What Is A Tropical Storm?
A tropical storm is essentially a very intense thunderstorm which involves extremely low pressure and cyclonic wind rotation. Sometimes, tropical storms are referred to as tropical cyclones, but this term also embraces other weather systems such as tropical depressions; typhoons and hurricanes. A tropical storm requires a sustained wind speed of 39 miles per hour – if this increases to 74 miles per hour it is classified as a hurricane. So much for definitions, but just how do tropical storms start? Well, as you'll see, a number of conditions all have to be met before nature can unleash its destructive power.
The warm waters over which the tropical storm forms generate a lot of warm moist air (through the process of evaporation of the surface waters). The heat in the system causes the moisture laden air to rise. As it does so, a low pressure zone (depression) is created, which causes surrounding air to flow in to balance the pressure difference, generating a spinning weather system. As the warm air rises into the atmosphere, it cools and the moisture condenses out, forming clouds.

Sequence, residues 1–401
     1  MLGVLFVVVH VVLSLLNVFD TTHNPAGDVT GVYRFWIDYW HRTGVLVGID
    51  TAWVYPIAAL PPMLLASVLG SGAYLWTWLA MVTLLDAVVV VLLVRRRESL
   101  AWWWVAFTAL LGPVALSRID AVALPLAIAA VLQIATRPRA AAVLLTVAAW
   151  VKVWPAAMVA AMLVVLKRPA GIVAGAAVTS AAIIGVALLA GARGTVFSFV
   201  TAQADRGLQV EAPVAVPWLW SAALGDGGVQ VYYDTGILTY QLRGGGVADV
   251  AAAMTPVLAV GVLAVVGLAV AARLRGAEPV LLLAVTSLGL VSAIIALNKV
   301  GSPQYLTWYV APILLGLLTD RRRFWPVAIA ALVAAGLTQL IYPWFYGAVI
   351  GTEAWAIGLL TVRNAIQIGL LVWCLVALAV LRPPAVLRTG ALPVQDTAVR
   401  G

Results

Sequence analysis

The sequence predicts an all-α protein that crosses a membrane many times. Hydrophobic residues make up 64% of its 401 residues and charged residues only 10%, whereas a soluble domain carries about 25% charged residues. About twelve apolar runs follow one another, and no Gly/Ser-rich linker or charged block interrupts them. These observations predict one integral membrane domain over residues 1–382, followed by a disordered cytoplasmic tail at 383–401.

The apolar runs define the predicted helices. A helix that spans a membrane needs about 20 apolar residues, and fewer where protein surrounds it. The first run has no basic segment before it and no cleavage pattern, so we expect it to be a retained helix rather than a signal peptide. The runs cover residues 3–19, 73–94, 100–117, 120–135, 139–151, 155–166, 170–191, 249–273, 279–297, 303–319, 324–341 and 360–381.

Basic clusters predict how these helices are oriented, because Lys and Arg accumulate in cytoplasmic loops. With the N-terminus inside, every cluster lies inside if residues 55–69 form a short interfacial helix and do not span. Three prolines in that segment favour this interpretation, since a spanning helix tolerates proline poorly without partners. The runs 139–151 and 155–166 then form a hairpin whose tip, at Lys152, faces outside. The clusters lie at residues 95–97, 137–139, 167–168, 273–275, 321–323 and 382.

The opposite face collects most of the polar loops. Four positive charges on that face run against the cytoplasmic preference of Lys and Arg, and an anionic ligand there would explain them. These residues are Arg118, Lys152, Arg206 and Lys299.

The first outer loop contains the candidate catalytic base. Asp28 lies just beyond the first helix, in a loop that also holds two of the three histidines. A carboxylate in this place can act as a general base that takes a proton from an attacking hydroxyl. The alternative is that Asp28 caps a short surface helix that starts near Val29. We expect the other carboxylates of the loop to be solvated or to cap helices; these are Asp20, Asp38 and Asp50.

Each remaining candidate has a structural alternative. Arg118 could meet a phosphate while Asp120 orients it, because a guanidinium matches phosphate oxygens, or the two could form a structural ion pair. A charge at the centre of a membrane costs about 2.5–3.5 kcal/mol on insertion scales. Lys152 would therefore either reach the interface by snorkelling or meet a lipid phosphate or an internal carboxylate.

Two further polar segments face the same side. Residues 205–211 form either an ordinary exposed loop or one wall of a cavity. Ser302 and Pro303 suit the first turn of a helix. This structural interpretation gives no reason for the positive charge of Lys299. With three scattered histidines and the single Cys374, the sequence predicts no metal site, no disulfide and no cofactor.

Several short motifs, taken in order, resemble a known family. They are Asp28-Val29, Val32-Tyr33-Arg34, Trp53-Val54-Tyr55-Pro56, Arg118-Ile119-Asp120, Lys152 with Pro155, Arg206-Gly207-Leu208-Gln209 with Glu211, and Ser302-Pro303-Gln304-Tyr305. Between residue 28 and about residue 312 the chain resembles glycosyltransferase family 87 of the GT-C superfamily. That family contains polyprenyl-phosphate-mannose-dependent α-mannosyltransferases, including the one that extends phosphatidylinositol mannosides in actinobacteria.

For a tropical storm to form, there need to be surface level winds blowing from various directions which converge and assist the process of warm, moist air rising. An additional condition is that there should be little wind shear at higher altitudes as this allows the storm clouds to rise vertically to high levels. A tropical storm system may be six miles in height and up to 400 miles across. The storm will cause very large waves if the storm remains at sea, but its full destructive force is unleashed when the very strong winds, waves and torrential rain associated with the storm encounter land and human habitations.
In a tropical cyclone, as little as 3% of the heat energy, contained in the rising moist air, may be converted into mechanical energy of the circulating winds. This relatively small amount of mechanical energy equates to a power supply of 1.5x1012 Watts - equivalent to about half the world-wide electrical generating capacity. No wonder tropical storms and hurricanes can be so destructive!